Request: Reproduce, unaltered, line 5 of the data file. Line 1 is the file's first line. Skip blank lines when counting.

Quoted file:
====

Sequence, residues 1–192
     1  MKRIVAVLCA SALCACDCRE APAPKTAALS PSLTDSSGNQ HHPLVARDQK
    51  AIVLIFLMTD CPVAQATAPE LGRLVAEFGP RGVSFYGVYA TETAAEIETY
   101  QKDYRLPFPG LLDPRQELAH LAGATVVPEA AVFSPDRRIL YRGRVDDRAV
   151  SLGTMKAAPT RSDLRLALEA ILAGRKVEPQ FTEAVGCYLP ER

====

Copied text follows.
   151  SLGTMKAAPT RSDLRLALEA ILAGRKVEPQ FTEAVGCYLP ER